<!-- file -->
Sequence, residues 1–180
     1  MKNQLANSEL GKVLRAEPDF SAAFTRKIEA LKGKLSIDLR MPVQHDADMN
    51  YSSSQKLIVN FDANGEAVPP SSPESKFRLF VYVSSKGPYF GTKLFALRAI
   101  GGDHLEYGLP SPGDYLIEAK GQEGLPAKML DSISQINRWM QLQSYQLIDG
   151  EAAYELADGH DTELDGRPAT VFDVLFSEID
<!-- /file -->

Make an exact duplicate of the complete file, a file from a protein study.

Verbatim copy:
Sequence, residues 1–180
     1  MKNQLANSEL GKVLRAEPDF SAAFTRKIEA LKGKLSIDLR MPVQHDADMN
    51  YSSSQKLIVN FDANGEAVPP SSPESKFRLF VYVSSKGPYF GTKLFALRAI
   101  GGDHLEYGLP SPGDYLIEAK GQEGLPAKML DSISQINRWM QLQSYQLIDG
   151  EAAYELADGH DTELDGRPAT VFDVLFSEID